Photo by Bill Rose, 1980 (Michigan Technological University).
The rounded peak in the foreground is the southernmost of the twin summit peaks of Tolimán volcano. The older post-caldera volcano of Atitlán caldera, San Pedro, lies across Santiago Bay at the right. On the center horizon are the peaks of Santo Tomás (left) and Santa María (right). Tajumulco volcano, Central America's highest, is the peak on the far right horizon. The Guatemalan volcanic front rises more than 3500 m above the hazy Pacific coastal plain at the upper left.

Photo by Bill Rose, 1980 (Michigan Technological University).
Volcán Tolimán (center) towers above the south shore of scenic Lake Atitlán. Tolimán and its conical twin volcano Atitlán (upper left) were constructed within the Pleistocene Atitlán III caldera, near its inferred southern margin. In contrast to the tephra-covered surface of Volcán Atitlán, the surface of Tolimán is draped by prominent thick lava flows. The recent history of Tolimán is dominated by effusive eruptions from flank vents. The resulting lava flows extend into the lake and produce a highly irregular shoreline.

Photo by Bill Rose, 1972 (Michigan Technological University).
Conical Volcán Atitlán directly overlies the inferred margin of the Pleistocene Atitlán III caldera, whose northern rim lies across Lake Atitlán. Atitlán volcano forms a paired volcano with Tolimán to its north (seen just to the right of Atitlán's summit). The historically active Atitlán is younger than Tolimán, although their earlier activity overlapped. In contrast to Tolimán, Atitlán displays a thick pyroclastic cover, reflecting its predominantly explosive eruptions that have been recorded since the 15th century.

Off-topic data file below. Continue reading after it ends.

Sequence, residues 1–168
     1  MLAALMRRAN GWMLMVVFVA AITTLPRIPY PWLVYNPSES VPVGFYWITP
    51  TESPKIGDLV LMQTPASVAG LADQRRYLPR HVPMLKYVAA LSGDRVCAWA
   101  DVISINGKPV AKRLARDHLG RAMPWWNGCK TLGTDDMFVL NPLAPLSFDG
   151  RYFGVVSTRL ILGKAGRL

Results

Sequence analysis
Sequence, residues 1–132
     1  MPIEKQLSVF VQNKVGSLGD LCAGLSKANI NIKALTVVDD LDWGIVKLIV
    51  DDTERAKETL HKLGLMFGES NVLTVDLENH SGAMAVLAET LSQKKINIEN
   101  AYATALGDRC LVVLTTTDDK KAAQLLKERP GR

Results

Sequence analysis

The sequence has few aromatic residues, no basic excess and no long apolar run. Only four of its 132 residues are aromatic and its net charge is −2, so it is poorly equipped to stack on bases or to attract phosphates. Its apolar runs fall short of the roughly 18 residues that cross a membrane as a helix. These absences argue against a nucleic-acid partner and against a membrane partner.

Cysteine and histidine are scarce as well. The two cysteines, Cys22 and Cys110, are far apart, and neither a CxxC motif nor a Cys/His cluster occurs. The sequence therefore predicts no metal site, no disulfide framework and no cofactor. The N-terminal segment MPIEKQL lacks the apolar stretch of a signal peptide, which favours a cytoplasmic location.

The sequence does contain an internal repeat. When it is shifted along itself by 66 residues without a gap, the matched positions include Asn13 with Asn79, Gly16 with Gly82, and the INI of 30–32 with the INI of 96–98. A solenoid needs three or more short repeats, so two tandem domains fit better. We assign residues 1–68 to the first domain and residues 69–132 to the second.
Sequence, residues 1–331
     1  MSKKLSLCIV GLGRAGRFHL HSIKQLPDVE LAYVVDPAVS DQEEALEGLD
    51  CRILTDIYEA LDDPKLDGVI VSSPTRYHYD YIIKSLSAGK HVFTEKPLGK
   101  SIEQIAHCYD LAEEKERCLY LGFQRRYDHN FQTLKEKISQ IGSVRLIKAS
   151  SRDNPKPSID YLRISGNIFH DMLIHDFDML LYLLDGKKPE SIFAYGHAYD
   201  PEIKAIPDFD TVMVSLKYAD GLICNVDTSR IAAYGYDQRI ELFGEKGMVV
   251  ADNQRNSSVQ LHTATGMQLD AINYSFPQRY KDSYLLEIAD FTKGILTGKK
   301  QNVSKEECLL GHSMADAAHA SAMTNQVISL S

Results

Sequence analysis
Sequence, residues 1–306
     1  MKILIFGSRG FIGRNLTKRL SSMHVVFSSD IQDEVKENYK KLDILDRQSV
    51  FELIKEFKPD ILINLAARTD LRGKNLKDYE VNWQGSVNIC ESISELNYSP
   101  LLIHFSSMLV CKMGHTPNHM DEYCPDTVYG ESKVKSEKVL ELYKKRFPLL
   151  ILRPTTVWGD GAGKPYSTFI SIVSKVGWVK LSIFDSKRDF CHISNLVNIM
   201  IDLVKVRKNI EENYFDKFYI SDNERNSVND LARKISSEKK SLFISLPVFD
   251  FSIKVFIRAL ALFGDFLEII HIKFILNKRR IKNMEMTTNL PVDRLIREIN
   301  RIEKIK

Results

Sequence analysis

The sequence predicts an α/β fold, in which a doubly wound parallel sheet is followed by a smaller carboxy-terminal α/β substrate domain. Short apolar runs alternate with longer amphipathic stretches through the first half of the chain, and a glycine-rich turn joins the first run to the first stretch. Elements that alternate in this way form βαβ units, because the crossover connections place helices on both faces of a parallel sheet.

Photo by Bill Rose, 1980 (Michigan Technological University).
Scenic Lake Atitlán fills the northern half of the Atitlán III caldera, which formed about 84,000 years ago following eruption of the Los Chocoyos Ash. The 18 x 12 km caldera lake is seen here from the south, with the slopes of the post-caldera Tolimán stratovolcano in the foreground. The relatively flat lake floor is 300 m below the water surface, and caldera walls rise to nearly 900 m above the lake. Bathymetric surveys revealed no evidence for resurgent doming or post-caldera vents beneath the lake surface.

Photo by Bill Rose, 1980 (Michigan Technological University).
Cerro de Oro, a 200-m-high lava dome, was constructed on the northern flank of Tolimán volcano near the southern shoreline of Lake Atitlán. Lava flows from Cerro de Oro extend into the lake and may be as young as a few thousand years. The dome's name (which means Hill of Gold) reflects local belief that it contains buried treasure.

Photo by Bill Rose, 1972 (Michigan Technological University).